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The universal industry expressions that report an airline’s passenger numbers, load factors, available seats, and unit revenue and cost are efficient ways to gauge performance and compare carriers of different sizes.  RPMs, ASMs, PRASM, CASM and yield define individual aspects of aircraft economics and the effectiveness of airlines to work their assets.  But are these statistics measuring the true performance of an expensive airplane and invested capital?

Downward Fares for Upward Share
 
The emergence of the low-cost and ultra low-cost airline segments with their unbundled product philosophies have redefined the architecture of traditional ticket pricing, particularly among full-service mainline carriers.  As LCCs captured a greater share of an expanding air travel market, their competitors often responded by either allocating more discounted seats or adding capacity to try to lower their CASM.  Those additional seats were often priced to match LCC fares which further intensified competition. The drive for market share supremacy prompted carriers to add even more seats with even steeper discounts.

It is a vicious cycle that, especially for domestic airlines in India since 2009, has proven to be financially disastrous. From an economic perspective, is the marginal cost of flying an additional seat (assuming it can be sold) on a bigger aircraft covered by the lower fare it generates?

Seats and Sandwiches

The rise of LCCs also triggered the growth in the sale of ancillary airline products and services. For many low-cost carriers, revenue from on-board sales, baggage fees and priority seating and boarding can mean the difference between profit and loss.
Mainline carriers jumped on the ancillary product bandwagon when they realized that ticket revenue alone could no longer offset the operating cost of a flight. But sales of ancillary products have limits, both in volume and price.  Aircraft were never intended to be (rather expensive) flying sandwich shops. Is this really a sustainable business model that maximizes the return on an aircraft asset?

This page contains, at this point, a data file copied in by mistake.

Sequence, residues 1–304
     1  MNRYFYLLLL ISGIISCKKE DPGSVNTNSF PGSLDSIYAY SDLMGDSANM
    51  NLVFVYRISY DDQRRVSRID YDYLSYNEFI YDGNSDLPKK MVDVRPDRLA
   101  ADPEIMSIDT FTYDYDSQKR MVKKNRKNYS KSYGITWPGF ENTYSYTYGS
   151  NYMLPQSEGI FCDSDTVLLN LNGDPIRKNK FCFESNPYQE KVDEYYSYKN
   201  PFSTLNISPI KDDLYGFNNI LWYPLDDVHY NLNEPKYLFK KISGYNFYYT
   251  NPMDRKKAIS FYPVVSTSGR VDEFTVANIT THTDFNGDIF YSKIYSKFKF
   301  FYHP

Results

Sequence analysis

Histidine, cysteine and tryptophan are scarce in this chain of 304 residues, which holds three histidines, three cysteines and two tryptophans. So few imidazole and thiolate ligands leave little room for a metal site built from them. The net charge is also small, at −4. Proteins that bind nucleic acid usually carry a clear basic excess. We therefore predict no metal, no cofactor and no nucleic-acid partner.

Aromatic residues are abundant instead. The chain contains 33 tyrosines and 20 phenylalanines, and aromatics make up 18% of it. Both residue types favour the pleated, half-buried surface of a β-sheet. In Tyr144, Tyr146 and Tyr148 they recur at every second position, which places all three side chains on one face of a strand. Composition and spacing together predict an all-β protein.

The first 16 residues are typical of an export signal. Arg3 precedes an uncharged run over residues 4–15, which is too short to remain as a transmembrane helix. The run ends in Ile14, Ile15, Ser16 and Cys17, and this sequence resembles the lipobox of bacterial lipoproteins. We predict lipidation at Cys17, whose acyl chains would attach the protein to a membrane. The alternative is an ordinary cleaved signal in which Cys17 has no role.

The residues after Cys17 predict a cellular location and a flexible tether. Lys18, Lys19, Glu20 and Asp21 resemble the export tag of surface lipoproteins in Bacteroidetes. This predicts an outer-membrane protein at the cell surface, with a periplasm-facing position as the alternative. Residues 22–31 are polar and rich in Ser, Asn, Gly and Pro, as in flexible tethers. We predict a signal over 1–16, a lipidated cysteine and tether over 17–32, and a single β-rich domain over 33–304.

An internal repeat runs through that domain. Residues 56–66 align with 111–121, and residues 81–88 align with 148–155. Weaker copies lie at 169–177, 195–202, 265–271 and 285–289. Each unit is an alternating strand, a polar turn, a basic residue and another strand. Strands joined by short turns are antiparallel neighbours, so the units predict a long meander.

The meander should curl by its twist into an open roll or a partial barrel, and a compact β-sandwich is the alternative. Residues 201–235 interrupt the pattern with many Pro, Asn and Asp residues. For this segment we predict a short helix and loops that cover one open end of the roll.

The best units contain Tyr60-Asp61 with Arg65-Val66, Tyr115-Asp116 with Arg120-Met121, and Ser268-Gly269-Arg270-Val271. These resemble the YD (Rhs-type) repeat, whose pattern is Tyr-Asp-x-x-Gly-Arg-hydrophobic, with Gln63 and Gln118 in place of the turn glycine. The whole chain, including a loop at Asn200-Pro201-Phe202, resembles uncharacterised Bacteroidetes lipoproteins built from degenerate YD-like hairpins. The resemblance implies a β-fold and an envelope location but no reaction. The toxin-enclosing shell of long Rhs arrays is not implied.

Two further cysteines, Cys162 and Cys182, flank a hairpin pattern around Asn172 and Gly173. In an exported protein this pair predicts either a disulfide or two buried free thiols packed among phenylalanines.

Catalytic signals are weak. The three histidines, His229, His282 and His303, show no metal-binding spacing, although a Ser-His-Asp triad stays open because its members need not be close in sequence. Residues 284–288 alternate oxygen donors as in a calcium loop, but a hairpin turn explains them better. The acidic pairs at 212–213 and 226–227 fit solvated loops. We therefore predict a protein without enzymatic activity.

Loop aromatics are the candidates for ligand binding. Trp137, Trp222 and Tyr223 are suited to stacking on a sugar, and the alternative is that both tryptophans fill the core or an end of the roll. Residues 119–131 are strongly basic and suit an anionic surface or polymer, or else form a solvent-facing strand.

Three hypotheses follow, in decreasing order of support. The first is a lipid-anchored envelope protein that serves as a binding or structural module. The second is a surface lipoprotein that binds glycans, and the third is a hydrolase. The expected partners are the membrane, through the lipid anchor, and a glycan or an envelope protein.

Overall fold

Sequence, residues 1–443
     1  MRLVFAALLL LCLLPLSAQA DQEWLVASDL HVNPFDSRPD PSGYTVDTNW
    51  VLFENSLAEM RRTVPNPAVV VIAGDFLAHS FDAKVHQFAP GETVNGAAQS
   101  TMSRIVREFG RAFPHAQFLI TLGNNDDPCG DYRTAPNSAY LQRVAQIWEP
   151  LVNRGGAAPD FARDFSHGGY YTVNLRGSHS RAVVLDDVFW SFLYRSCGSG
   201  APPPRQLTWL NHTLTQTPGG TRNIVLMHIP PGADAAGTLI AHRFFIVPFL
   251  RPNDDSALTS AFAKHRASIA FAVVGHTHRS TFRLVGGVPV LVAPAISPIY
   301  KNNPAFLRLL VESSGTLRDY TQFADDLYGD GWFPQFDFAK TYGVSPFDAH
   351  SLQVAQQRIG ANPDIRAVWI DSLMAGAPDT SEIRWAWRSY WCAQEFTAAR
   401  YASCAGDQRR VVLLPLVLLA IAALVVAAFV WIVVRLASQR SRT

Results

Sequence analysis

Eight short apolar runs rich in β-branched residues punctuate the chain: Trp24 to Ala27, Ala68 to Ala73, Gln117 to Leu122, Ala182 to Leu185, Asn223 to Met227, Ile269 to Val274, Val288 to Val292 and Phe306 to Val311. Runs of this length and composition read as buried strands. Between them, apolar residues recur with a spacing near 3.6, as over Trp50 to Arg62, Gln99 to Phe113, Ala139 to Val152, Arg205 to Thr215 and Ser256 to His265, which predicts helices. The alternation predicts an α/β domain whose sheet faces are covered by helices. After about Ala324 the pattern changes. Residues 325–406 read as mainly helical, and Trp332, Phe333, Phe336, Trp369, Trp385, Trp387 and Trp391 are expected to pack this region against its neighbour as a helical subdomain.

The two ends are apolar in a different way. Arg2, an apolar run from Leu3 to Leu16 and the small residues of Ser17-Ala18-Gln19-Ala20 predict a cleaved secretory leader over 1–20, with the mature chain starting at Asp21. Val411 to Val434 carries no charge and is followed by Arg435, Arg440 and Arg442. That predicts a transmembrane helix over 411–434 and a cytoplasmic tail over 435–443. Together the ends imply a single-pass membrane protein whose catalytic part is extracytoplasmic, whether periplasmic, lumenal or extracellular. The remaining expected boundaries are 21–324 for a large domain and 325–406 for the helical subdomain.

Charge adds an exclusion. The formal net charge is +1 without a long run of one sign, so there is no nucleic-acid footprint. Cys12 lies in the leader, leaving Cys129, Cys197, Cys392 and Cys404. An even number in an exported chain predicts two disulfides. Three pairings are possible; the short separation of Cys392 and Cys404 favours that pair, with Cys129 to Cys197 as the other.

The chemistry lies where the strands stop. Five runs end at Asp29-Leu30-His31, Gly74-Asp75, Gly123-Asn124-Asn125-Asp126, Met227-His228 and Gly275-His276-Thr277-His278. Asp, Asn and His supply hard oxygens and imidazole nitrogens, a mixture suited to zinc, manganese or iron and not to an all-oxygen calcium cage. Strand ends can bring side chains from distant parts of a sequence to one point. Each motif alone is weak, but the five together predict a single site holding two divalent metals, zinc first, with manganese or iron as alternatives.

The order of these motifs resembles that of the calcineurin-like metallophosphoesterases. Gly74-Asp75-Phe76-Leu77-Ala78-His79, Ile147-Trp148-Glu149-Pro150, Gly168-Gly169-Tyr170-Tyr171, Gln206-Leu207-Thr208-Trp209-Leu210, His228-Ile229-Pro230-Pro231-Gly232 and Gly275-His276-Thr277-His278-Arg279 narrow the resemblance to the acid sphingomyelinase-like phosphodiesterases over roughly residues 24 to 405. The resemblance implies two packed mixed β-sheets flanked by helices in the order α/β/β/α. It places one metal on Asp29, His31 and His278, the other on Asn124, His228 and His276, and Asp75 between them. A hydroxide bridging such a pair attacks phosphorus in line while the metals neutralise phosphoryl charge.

You Can’t Take Cost Per Seat To Shareholders

It’s essential to have the lowest possible CASM when operating in a competitive low-fare environment and following a strategy driven by market share. CASM and PRASM go hand-in-hand to measure gross profit per seat-mile from which you can calculate margin for any flight or route. For shareholders seeking to maximize the return on their investment, it may be more relevant to understand how effectively a carrier’s airplanes are performing. Return on assets (ROA) is a common indicator of a company’s overall profitability but it can be adapted specifically to aircraft:

 Annual Profit per Seat/Aircraft Value per Seat = Return on aircraft Asset (ROaA)
        

 


Generally, smaller-capacity aircraft have higher PRASM when sound inventory control methods are applied. Simulations conducted by M.I.T. and PODS Research (USA) show that revenue per seat for a 110-seat jet can be up to 30% greater than for a 170-seat jet. That higher PRASM, in turn, generates a higher ROaA for the smaller jet.

 

Strategy, Capacity and Optimization

Airline route managers may be averse to turning away any fare-paying customer, particularly in competitive markets with a high component of low-fare travelers, when extra seats need to be filled on large aircraft. But when the revenue from those customers weakens profitability, smaller-capacity airplanes with the right frequency can improve the bottom line.
Notwithstanding operational reasons for using large aircraft, flying jets with fewer seats can generate higher returns, especially if the flight schedule and product differentiation are sufficient to attract high-yield passengers. Bigger may seem to be better, but as the ROaA measure shows, it may not necessary be more profitable.

For a more detailed illustration on how small-capacity aircraft can generate higher returns, visit www.newmetricsofsuccess.com.